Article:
This work pays homage to America’s first female self-made millionaire, a complex figure who came from the cotton fields of the South to create her own business, an empire of Black hair-care products. To create Madam C. J. Walker’s portrait, Clark used over three thousand fine-toothed combs, which she contends are gendered and point to Walker negotiating a man’s world. Clark chose to commemorate this figure, who used her wealth and status to advocate for antilynching campaigns. Despite not being able to vote—as a woman and as a Black person—Walker used her prosperity for activism and empowered other women to run businesses.

Madam C.j. Walker O3

Reconstruction Exercise, 2019

Floor loom, bench, and linen

Reconstruction Exercise invites visitors to cumulatively weave, with the aid of an assistant, a new truce flag. In the act of weaving and rubbing (elsewhere in the galleries), participants become actors in Clark’s reparative narrative to give agency to all who choose to collectively counter the propaganda of hate with an act that celebrates a new way forward.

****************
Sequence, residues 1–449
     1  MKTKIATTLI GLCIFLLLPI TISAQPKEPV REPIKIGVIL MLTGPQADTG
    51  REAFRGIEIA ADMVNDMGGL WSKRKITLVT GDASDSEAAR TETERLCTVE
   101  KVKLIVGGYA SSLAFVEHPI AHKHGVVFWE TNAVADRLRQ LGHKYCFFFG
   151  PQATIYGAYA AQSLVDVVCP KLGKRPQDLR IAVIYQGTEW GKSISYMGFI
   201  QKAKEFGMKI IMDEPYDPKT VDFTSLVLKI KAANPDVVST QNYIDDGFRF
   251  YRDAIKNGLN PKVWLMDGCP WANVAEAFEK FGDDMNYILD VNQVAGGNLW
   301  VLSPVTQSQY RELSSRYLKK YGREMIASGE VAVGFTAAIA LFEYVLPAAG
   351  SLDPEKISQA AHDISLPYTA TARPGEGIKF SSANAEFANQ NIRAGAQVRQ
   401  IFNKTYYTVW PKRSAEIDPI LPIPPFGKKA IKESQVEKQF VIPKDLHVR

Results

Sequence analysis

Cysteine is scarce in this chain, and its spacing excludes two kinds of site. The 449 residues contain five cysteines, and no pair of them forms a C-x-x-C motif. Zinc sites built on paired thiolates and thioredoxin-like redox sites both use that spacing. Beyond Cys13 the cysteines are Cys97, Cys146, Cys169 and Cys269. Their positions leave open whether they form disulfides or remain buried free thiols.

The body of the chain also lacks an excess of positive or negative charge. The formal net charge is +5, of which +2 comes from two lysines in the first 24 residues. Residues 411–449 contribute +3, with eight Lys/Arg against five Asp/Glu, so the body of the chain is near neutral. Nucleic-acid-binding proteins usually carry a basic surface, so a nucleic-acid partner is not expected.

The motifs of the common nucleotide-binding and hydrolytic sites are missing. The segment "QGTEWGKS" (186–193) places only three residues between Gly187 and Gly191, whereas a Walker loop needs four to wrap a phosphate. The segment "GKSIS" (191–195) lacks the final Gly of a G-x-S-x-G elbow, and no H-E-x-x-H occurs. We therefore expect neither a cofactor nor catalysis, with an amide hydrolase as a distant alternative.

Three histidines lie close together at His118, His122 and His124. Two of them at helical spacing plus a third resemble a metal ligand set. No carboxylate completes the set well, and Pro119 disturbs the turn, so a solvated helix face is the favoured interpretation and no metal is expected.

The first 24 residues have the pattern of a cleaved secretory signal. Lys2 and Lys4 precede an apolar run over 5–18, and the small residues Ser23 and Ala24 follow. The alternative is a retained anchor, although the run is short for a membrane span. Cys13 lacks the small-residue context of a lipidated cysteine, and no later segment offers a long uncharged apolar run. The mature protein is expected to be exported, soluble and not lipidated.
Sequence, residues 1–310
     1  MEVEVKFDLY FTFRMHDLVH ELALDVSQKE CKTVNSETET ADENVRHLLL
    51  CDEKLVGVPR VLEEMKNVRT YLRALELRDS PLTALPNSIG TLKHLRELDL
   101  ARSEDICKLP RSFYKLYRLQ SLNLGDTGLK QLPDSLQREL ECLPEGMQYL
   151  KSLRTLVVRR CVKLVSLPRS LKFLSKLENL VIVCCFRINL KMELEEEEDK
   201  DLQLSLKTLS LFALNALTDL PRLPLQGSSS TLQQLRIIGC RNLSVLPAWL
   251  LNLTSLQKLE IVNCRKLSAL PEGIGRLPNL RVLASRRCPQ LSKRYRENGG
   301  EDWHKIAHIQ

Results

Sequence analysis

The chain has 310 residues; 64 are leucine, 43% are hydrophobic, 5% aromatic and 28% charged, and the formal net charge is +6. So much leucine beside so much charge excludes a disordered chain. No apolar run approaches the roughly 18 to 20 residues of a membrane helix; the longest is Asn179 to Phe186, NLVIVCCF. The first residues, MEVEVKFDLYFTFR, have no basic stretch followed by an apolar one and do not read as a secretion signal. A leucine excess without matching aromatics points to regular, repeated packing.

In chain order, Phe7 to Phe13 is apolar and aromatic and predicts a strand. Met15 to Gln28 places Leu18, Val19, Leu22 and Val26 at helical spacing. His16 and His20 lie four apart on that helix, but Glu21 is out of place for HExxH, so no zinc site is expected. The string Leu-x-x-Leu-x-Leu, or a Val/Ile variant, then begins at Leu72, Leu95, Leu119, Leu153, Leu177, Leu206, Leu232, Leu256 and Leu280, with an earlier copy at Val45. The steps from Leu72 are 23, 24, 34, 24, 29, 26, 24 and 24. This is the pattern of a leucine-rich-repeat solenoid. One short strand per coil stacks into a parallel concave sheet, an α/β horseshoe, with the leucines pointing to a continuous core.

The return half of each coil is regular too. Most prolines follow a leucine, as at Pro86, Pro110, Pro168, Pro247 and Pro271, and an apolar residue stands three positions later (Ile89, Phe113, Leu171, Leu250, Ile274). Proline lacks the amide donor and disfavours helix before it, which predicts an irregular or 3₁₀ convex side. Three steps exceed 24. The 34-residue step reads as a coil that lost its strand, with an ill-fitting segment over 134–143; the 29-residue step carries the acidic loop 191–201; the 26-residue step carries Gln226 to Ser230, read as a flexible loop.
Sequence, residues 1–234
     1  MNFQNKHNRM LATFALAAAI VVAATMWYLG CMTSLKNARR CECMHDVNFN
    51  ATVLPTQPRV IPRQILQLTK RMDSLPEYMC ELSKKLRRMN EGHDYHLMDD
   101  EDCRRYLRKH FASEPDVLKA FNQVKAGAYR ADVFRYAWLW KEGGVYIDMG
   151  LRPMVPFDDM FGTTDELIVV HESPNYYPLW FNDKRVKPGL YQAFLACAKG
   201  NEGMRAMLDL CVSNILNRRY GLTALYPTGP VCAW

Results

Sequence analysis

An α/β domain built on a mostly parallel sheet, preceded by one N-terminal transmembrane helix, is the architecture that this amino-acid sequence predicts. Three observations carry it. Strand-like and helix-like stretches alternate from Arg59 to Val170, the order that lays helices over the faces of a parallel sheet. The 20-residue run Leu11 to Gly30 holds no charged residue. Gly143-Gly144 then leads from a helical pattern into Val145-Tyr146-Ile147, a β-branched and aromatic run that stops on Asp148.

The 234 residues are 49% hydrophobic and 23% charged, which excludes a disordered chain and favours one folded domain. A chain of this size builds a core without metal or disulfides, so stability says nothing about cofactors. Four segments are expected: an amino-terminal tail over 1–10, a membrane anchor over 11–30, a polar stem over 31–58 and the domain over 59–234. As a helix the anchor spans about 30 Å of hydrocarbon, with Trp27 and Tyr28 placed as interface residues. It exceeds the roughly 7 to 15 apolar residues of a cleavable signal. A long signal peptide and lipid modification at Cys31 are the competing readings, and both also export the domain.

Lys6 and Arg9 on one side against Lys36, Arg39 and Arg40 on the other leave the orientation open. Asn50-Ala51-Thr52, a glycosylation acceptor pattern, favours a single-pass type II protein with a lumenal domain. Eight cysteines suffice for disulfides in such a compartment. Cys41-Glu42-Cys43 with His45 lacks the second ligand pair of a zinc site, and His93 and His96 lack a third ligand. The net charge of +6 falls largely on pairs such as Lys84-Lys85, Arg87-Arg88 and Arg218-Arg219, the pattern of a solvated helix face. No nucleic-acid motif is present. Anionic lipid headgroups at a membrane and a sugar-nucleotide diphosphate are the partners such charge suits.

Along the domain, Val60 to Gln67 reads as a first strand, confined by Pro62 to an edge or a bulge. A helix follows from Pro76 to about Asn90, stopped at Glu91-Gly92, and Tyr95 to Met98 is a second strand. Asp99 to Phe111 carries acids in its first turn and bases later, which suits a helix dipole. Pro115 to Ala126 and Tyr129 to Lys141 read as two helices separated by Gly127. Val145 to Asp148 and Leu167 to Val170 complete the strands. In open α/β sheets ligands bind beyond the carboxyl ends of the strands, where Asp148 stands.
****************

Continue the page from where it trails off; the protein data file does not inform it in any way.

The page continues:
Visitors will have the opportunity to activate and participate on Saturdays from 1 to 4 p.m. during the run of the exhibition (excluding December 23, 2023).


Many, 2019  

Woven linen and madder dye
Courtesy of the artist

Many amplifies Clark’s message by replicating the size of the original Confederate truce flag one hundred times. Unlike its tea-stained and madder root–dyed counterpart, this bright white work exudes newness, repetition, and ongoing effort. Clark hopes that the multiplied image of the flag might make an indelible impression on our collective memory for the work of reparations and racial justice in the present and into the future.